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The Effect of Stress on Smartphone Addiction in Nursing Students:

The Mediating Effect of Interpersonal Relationship

Young-Sook Kwon

Department of Nursing, Joongbu University, Geumsan-gun, Chungcheongnam-do, 32713, Korea


Exploration of the variables that mediate or moderate the force of stress on smartphone addiction is required. The present contrivance aimed to determine the mediating effect of interpersonal relationship in relation to stress and smartphone addiction among nursing students.Subjects consisted of 261 nursing students. A survey was conducted with organized questionnaires. Stress was measured with the Stress Response Inventory (SRI). Smartphone addiction was evaluated with the S-scale (Smartphone addiction proneness scale) for adults. The ability for interpersonal relationship was measured using the Relationship Change Scale (RCS). Data were analyzed using Baron and Kenny’s mediating analysis, and Sobel test which was used to testify the signification of mediating effect. The degree of smartphone addiction in nursing students according to individual characteristics was significantly different according to gender. Stress was positively correlated with smartphone addiction and negatively correlated with interpersonal relationship, while smartphone addiction was negatively correlated with interpersonal relationship. These findings also showed a partial mediating effect of interpersonal relationship on the force of stress on smartphone addiction. This result indicates that interpersonal relationship can act as a protective factor which contributes to reducing smartphone addiction. Programs or activities to facilitate interpersonal relationship are recommended to reduce smartphone addiction in nursing students. In addition, factors influencing smartphone addiction should be further explored in future studies.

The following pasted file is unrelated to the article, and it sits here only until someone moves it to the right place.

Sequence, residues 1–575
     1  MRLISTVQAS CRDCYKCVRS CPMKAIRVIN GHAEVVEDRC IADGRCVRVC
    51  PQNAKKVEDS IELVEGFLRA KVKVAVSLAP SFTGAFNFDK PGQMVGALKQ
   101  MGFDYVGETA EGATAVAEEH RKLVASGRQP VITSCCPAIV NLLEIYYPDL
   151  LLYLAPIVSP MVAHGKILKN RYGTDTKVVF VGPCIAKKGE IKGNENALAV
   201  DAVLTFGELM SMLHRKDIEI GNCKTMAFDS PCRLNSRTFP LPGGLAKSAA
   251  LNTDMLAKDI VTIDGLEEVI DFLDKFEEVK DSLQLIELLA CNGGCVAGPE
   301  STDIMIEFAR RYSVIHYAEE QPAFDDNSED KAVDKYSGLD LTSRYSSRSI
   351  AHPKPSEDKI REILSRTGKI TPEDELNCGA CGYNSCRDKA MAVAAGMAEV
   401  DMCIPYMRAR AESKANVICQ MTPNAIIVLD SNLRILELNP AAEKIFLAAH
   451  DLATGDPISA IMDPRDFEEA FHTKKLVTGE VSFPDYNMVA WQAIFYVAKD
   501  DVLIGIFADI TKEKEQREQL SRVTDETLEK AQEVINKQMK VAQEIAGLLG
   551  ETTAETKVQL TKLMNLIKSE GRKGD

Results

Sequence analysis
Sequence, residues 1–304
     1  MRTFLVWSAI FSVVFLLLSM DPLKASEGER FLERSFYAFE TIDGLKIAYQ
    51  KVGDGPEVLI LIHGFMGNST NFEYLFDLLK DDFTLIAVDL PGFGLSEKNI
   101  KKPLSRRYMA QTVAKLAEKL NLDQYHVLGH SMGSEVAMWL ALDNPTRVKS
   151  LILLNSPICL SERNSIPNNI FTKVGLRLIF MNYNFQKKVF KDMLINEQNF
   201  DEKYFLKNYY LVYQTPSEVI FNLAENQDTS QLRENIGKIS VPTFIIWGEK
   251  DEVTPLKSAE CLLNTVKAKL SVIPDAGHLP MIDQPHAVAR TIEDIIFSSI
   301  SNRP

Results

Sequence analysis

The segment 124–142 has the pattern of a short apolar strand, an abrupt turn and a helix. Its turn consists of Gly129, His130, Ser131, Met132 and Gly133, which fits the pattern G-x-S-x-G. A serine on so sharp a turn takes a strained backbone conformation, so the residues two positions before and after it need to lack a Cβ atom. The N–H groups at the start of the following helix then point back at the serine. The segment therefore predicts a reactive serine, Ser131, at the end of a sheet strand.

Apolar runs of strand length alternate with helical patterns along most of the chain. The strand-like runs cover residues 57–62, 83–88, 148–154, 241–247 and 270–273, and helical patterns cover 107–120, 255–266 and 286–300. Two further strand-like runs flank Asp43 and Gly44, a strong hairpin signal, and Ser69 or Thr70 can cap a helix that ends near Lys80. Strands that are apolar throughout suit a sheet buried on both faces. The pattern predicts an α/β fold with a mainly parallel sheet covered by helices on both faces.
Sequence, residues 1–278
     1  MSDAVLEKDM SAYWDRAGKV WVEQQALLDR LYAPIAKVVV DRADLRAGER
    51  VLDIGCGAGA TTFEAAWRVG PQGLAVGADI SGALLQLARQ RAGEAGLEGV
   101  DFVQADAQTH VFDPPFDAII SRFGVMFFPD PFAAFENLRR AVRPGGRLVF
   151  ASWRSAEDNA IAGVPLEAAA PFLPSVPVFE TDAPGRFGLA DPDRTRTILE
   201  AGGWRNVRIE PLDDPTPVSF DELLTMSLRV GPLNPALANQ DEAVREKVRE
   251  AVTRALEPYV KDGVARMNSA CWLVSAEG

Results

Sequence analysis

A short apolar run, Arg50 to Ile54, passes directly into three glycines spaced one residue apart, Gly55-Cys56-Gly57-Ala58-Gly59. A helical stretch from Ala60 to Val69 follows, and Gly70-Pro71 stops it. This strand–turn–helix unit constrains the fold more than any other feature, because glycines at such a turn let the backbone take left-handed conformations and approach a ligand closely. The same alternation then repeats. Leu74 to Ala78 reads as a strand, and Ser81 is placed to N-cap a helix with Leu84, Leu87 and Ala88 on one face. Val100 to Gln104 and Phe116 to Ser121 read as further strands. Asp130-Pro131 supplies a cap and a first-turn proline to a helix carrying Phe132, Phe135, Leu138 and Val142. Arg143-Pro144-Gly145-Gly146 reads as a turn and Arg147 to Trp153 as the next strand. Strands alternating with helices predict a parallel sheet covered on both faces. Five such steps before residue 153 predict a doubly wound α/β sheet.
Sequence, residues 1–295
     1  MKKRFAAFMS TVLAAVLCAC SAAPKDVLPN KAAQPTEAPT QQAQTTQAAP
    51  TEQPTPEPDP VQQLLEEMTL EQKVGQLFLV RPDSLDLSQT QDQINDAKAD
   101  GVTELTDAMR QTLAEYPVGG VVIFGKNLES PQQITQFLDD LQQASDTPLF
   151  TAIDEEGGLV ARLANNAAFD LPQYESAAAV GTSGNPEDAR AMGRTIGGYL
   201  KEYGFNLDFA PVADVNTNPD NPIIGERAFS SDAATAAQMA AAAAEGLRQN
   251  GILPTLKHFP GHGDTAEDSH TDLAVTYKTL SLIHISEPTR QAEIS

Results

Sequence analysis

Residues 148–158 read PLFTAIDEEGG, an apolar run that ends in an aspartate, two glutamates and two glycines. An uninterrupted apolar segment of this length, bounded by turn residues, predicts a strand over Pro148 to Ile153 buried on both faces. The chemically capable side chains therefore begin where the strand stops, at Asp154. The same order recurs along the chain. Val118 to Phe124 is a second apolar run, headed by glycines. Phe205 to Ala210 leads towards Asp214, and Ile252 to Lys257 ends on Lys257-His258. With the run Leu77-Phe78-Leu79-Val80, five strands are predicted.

Keywords:Stress; Smartphone addiction; Interpersonal relationship; Nursing student; Mediating effect

Corresponding Author : Name : Young-Sook Kwon Email : [email protected] Contact :+82-1064490272 Fax :+82-41-7506166

Date of Submission :05-10-2010


Within the advent of ubiquitous networks and development of smartphone devices, the use of smartphones is increasing day by day. As various applications (apps) have been developed, so has the range of smartphone use expanded. Problems such as addiction due to excessive use have increased continuously by smartphone usage throughout life, so the need of intervention